Microbiology and Immunology.
Stanford University School of Medicine
Faculty Research Interests
To view a given faculty member's research
and a sample of recent publications, click on the appropriate name
Molecular virology of and immunity to
virus (VZV); virus/target cell interactions in the pathogenesis of VZV
infection in the natural human host and in the SCID-hu model; analysis
of the T-cell-mediated host response to major viral glycoproteins and
viral structural and regulatory proteins.
Molecular and cellular mechanisms that control
muscle and neuronal growth, stem cell biology, differentiation, and
gene therapy for angiogenesis; vector design and treatment of
disease and cancer.
Chemical biological approaches to the study of
protease function in the human parasites, Toxoplasma gondii and
falciparum. Emphasis on the role of proteases in protein trafficking,
cell invasion and rupture and cell cycle regulation.
Biology and genetics of the protozoan parasite
Toxoplasma, with emphasis on gene regulation, protein trafficking,
and developmental biology.
Genetic networks controlled by regulatory
RNAs, such as microRNAs and small interfering RNAs, and the roles of
these RNAs in modulating hte development, function and pathogenesis of
vertebrate immune systems.
Genetic and molecular analyses of bacterial
on host adaptive immune response; the effect of Yersinia infection on T
and B cell responses; development and function of gd T cells.
Molecular mechanisms of pathogenesis and host
response to insult using in vivo cellular and molecular imaging to
biological processes in living animal models of disease. Emphases on
expression and cell migration in vivo.
Mechanisms of T-lymphocyte recognition and
particular interests in T-cell receptor structure, function, thymic
and dynamics of cell surface molecules during T-cell recognition.
Genetic and molecular mechanisms of microbial
pathogenicity; Salmonella exploits caspase-1 to colonize peyeris
in a murine typhoid model; OmpR regulates the two-component system
in Salmonella pathogenicity island 2.
Regulation of mast cell and basophil
phenotype, and function; roles of mast cells in innate and acquired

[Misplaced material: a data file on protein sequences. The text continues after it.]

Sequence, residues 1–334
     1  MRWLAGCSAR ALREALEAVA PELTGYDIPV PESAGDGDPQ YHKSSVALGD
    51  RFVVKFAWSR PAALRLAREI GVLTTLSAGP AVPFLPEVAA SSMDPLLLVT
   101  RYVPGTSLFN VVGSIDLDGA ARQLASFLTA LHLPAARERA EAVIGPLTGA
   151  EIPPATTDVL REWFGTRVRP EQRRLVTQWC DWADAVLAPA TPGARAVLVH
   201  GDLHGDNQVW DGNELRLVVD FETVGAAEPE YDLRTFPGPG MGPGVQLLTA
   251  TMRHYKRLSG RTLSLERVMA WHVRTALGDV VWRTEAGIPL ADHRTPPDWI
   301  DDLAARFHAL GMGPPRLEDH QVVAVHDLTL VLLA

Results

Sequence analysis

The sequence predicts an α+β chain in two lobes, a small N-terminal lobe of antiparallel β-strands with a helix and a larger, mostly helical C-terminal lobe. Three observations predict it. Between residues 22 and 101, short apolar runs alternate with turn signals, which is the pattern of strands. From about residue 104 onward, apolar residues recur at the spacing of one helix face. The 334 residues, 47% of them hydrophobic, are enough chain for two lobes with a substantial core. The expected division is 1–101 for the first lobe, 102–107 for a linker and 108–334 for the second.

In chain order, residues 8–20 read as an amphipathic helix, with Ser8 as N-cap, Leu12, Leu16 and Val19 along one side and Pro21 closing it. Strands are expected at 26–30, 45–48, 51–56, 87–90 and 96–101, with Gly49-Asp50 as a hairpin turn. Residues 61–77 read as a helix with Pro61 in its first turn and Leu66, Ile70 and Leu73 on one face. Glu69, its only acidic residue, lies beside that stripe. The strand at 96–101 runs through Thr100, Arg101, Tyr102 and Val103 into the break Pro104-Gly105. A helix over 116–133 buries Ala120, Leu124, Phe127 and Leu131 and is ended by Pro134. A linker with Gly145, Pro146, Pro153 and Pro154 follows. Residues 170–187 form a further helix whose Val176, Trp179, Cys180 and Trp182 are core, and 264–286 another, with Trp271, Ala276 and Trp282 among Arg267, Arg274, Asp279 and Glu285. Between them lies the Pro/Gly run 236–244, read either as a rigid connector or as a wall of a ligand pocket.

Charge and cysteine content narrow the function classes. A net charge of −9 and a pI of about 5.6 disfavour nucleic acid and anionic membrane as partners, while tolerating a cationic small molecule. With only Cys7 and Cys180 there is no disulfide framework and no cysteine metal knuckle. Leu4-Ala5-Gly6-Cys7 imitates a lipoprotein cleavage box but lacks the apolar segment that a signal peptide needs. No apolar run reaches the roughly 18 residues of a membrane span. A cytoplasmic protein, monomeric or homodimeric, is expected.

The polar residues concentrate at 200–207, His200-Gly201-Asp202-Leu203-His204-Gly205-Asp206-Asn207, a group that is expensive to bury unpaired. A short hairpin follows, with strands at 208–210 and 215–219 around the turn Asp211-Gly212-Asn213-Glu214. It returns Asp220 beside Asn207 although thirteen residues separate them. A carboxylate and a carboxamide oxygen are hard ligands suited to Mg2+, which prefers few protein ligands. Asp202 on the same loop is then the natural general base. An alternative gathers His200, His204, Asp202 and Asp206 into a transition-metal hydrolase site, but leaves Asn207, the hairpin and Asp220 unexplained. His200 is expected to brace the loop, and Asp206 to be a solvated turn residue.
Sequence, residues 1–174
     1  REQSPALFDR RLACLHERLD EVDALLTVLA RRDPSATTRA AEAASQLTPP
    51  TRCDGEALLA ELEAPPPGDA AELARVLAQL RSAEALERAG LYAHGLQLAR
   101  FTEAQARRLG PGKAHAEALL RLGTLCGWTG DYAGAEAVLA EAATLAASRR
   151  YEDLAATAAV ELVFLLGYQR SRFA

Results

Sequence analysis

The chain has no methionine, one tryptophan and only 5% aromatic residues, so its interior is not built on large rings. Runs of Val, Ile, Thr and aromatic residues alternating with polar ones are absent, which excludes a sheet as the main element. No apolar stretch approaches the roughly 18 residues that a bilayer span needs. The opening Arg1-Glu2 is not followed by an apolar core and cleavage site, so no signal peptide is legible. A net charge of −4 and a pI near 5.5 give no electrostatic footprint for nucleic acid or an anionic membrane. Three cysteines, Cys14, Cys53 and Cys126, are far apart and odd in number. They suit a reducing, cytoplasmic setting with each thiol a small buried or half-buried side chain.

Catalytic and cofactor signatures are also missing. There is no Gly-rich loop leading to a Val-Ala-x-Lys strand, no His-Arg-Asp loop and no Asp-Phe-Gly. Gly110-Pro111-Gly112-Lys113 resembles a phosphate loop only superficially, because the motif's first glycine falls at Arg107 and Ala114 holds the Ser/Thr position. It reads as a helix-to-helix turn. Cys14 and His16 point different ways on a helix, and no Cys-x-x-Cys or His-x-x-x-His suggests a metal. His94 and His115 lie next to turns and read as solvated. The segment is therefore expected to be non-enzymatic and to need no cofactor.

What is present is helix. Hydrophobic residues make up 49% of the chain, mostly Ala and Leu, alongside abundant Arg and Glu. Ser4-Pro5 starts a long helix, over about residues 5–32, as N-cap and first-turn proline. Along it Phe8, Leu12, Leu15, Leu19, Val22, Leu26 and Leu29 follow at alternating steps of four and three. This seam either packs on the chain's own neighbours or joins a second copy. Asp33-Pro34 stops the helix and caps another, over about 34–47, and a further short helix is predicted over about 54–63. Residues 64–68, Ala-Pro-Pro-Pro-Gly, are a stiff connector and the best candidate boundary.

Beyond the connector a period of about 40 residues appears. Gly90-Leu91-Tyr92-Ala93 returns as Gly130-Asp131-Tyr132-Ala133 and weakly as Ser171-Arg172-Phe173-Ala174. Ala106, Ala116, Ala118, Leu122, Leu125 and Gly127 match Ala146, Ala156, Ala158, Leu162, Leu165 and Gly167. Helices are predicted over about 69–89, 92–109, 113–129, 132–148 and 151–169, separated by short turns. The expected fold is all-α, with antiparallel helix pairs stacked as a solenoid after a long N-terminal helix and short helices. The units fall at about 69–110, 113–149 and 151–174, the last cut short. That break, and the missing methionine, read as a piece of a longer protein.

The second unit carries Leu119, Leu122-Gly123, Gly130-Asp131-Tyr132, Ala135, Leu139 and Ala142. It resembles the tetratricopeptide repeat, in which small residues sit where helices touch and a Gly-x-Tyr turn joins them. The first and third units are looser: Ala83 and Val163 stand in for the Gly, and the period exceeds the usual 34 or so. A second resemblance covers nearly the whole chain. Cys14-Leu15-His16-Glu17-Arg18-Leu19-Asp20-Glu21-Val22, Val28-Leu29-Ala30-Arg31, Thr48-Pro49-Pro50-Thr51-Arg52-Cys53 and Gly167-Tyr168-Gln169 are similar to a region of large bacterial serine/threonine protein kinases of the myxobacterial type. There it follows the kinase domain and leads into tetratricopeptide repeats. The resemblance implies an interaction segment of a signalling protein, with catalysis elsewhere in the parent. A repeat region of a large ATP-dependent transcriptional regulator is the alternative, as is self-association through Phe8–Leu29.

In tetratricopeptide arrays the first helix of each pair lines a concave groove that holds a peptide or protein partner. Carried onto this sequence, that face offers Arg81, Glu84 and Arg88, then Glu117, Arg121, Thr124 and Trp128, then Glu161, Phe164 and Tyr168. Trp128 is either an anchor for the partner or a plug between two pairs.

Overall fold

and inflammation; pathogenesis of allergic inflammation; development of
new in vivo models to pursue these goals.
Structural biology of cell surface receptor
and activation; X-ray crystallographic and biophysical analysis of
implicated in autoimmunity, natriuresis, and host-pathogen interactions.
Gene coding assignments for rotavirus, with
emphasis on the molecular determinants of virulence, host range, and
immunity to hepatitis C virus.
Control of the mitotic cell cycle by
kinases and ubiquitin ligases; biochemical, enzymological, and
studies of substrate recognition and ubiquitin chain formation
for E3 ubiquitin ligases; identification of new substrates and
of ubiquitination processes by proteomic/mass spectrometric methods.
Molecular genetics and biochemistry of genome
replication of RNA viruses and viral subversion of protein secretory
during infection of human cells.
Drug resistance in bacteria and their biofilms;
stress response under zero gravity; mechanisms of redox homoeostasis;
engineering of bacterial bioremediation capability.
Structure-function analysis of H2 and HLA-D
gene products; how these proteins regulate the immune response and
to autoimmunity; development of methods to selectively alter Ia/DR
Molecular biology of herpesviruses, with
on cytomegaloviruses; construction of viral mutants, identification of
cis and trans DNA replication functions, isolation of viral genes and
signals, and identification of genes involved in latency and
Molecular virology of HIV-1 transcriptional
with special emphasis on macrophage and T-cell regulators and NF-kB,
and NFAT Rel components; retroviral libraries for complementation
of signaling molecules in apoptosis and T-cell biology; gene therapy
and creation of intracellular protein machines.
Regulation of cytotoxic T cell and natural
cells by MHC class I polymorphisms, with an emphasis on the diversity
MHC class I in human populations and comparisons in other species.
Conduct of seroepidemiologically based studies
of HSV-2 infections, with special emphasis on gestational and neonatal
infections; humoral and cellular immunologic evaluations of human hosts
to determine the critical factors relevant to the acquisition and
of HSV-2 infections preliminary to vaccine studies; evaluation of
therapies, with special emphasis on the management of herpesvirus
Molecular, genome-wide analysis of
cell interactions; adherence and colonization mechanisms of Bordetella
sp.; pathogen discovery by means of cultivation-independent molecular
exploration of human microbial ecology.
Molecular biology of RNA virus-host
mechanism of internal initiation of protein synthesis in viral and
Analysis of innate immunity and host pathogen
interactions; development of lab models for malaria, tuberculosis and
Pathogenesis of M. tuberculosis; pathogenesis
of enteropathogenic E. coli; environmental persistence of V. cholerae
Genetic and genomic studies of protozoan
Entamoeba and Toxoplasma with an emphasis on host-pathogen
pathogenesis, and developmental biology.
Genetics and genomics dissection of
interactions using a multipathogen C. elegans pathogenesis system;
and molecular analyses of signaling pathways in host innate immune
Cell biology of interactions between infectious
bacteria and the human host cell actin cytoskeleton; actin-based
of bacterial pathogens.
Molecular pathogenic studies of Legionella,
and Campylobacter; genetic and molecular studies to characterize the
interaction. Helicobacter pylori attachment to gastric cells induces
rearrangements and tyrosine phosphorylation of host cell proteins.
of host signal transduction pathways by Helicobacter pylori.
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Top right: Vacuole containing
tachyzoites inside a fibroblast. Manel Camps (Boothroyd Lab)